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2012 Summer OlympicsVideo

Star Chinese Hurdler Falls Over First Hurdle, Crashes Out Of Race, Hobbles To The Finish Line Anyway


Yeah, for the most part you remember the great champions at the Olympics – Michael Phelps and his 18 golds, Carl Lewis and his nine, Eric Heiden’s five golds in 1980, Bob Beamon’s long jump – but some bitter defeats are just as iconic. (Think Mary Decker’s fall, for one.) People can empathize with falling short in the most heartbreaking fashion just as easily as they can revel in victory, so when you have a moment that provides both devastating defeat and redemption, you’ve got a tailor-made classic Olympic moment on your hands.

Today, Chinese hurdler Liu Xiang provided one of those moments. Liu is one of China’s best and most popular athletes, having won gold in the 110 hurdles in Athens in 2004, but was felled by an Achilles tendon injury during the 2008 Games and was unable to defend his title in front of the home crowd. After a long while, though, he returned to form, and was ready to go in London. Then, during a preliminary heat in the 110 hurdles today, this happened:

“Horrendous luck.” What more can you say? The Achilles got Liu again. All that work to get back to potential-gold-medalist form… and in one hurdle, it’s over. And it might well be over for good – Liu’s 29 now, so he’ll likely be past his prime by the time 2016 rolls around. A crushing defeat for him, and the nation that loves him – but he didn’t quite let it end there, and that’s when things got a little more uplifting:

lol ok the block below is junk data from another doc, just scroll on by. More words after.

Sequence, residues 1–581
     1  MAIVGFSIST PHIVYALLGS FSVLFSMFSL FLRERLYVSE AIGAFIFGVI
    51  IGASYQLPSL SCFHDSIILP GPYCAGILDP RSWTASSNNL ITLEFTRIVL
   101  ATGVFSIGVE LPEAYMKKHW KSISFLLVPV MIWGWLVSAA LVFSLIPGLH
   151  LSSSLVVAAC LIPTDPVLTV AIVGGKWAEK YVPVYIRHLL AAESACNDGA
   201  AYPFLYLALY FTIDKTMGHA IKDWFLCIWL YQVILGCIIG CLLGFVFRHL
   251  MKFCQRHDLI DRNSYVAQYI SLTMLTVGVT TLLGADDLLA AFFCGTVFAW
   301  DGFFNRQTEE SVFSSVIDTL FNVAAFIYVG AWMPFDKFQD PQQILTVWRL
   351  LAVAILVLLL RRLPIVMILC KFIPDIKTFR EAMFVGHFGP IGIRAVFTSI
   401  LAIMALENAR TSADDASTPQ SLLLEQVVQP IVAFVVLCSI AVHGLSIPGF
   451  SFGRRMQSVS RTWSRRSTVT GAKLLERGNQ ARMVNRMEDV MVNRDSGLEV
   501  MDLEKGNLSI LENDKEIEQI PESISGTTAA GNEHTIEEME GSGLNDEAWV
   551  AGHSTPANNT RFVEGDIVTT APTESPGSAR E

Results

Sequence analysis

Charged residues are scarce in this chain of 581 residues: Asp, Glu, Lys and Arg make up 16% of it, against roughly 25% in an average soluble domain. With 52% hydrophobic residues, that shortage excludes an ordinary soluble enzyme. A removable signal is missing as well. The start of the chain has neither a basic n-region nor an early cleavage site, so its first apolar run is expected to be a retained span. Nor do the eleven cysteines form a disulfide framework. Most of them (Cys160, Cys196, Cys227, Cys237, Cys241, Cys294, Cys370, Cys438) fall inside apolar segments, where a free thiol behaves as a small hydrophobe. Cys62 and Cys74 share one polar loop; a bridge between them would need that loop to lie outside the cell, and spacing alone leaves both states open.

From the moment he stopped in the tunnel with a looked that for all the world appeared to say, “No. I’m not going out like that,” that was awesome. That’s how you make a moment yours and go out on your terms as much as possible (note how he leans down to kiss the hurdle as that video above ends). If Liu was going to have to end his 2012 Olympics like that, he at least deserved one moment to savor. This was it, and that limp to the finish line deserves to be an Olympic moment just as enduring as his victory from 2004. While we have to think Xiang would trade the poignancy of this moment for the euphoria of another gold in about a nanosecond, classic moments come in all forms.




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